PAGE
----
Ductwork should be easily accessible for future inspection and maintenance. A good design should specify cleaning portals that will give access to all ductwork, especially points of probable condensation. Sheet metal is preferable to plastic flex ducts because the flex ducts are difficult to keep clean and are easily damaged. Ductwork may be coated with undesirable oils from the manufacturing process and should be cleaned of all oil prior to installation.

Installation of Forced-Air Ductwork Quality control during the installation of a well-designed ductwork system will help en­sure optimum efficiency and health. Ductwork should be well sealed with a nontoxic sealer. Ideally, an air distribution system should have a neutral effect on building pressurization.

A large amount of dust and debris is gen­erated during the construction process, and it frequently finds its way into the ductwork, becoming a source of air contamination once the system is in operation unless measures are

Forced-Air Heating

The Problem: Home investigation revealed that ductwork had not been sealed on the return side of this system causing contaminated air to be sucked in to the system and blown throughout the home. Recommendation: All ductwork should be thror – oughly sealed and tested for air leakage.

Photo: Restoration Consultants.

taken during construction to keep the duct­work clean.

In order to achieve an optimal ductwork system installation, we suggest the following specifications:

• Metal ductwork shall be free of all oil resi­dues prior to installation.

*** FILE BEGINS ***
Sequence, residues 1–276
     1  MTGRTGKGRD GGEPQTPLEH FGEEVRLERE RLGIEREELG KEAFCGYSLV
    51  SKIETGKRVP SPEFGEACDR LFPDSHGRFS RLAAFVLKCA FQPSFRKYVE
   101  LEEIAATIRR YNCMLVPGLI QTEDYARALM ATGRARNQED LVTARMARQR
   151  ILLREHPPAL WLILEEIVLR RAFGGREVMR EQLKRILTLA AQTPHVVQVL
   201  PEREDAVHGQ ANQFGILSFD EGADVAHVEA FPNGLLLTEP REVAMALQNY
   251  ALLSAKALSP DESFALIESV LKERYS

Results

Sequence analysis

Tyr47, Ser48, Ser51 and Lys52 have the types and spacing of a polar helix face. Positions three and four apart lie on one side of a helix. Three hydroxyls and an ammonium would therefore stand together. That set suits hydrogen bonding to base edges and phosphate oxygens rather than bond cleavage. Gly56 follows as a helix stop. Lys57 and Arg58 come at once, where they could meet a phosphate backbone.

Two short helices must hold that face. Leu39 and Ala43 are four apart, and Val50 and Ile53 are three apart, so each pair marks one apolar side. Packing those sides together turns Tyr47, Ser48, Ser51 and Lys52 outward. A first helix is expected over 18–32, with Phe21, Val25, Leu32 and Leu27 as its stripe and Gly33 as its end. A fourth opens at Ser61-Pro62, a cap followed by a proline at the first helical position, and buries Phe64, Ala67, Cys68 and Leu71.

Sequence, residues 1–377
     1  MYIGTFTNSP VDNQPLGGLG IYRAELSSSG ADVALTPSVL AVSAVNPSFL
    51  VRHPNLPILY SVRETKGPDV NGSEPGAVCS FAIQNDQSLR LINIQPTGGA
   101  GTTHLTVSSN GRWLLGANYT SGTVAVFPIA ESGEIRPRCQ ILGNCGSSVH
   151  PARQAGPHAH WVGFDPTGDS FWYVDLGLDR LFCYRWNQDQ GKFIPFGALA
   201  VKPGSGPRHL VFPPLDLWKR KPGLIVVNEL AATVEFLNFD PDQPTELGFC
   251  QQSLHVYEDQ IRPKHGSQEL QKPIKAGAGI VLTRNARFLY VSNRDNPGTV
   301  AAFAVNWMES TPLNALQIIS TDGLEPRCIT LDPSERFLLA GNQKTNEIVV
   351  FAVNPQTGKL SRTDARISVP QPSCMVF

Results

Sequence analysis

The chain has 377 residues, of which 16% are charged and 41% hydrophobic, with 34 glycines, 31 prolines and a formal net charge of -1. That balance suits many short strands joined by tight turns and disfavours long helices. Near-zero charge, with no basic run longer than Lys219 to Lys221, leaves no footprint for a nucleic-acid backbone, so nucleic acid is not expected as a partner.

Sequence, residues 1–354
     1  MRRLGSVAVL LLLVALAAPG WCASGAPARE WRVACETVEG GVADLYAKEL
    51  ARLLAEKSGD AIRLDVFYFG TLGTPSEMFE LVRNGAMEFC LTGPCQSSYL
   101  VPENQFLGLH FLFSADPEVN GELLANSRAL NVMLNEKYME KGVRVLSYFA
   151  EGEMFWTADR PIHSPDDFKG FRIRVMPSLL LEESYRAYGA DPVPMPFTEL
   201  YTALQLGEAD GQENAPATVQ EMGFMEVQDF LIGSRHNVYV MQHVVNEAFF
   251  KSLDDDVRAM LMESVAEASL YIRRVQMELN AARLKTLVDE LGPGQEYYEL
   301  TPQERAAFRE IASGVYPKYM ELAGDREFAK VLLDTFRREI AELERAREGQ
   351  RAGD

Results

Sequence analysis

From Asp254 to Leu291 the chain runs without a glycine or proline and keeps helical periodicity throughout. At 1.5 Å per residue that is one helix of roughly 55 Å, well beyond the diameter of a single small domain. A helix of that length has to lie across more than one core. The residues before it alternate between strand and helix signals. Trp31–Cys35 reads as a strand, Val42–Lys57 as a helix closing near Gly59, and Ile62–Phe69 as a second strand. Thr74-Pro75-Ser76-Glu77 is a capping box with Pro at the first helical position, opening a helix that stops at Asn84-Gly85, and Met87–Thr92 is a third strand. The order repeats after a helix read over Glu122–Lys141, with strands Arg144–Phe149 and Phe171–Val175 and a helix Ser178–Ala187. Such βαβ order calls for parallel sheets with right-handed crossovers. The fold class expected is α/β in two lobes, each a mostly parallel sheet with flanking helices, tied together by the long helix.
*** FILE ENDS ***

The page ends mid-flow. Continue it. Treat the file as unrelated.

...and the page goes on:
• Ductwork shall be well sealed with non­toxic compounds such as AFM Safecoat DynoFlex, RCD6, Uni-Flex Duct Sealer, Uni-Mastic 181 Duct Sealer, United Duct Sealer (Water Based), or approved equal. Mastics shall be water resistant and water-based, with a flame spread rating no higher than 25 and a maximum smoke developed rating of 50.

• During construction, the ends of any par­tially installed ductwork shall be sealed with plastic and duct tape to avoid the

introduction of dust and debris from con­struction.

• All forced air must be ducted. The use of unducted plenum space for the transport of supply or conditioned air is prohibited.

• Cloth duct tape shall not be used. (It has a high failure rate that can result in unde­tected leakage.)

• All joints, including premanufactured joints and longitudinal seams, shall be sealed.

• Gaps greater than Vs inch shall be rein­forced with fiber mesh.

• All ductwork running through uninsu­lated spaces shall be insulated to a mini­mum of R-io to prevent condensation problems and to save energy.

• Any ductwork requiring insulation shall have the insulation located on the outside of the ducts.

• Ductwork must be professionally cleaned prior to occupancy. The duct-cleaning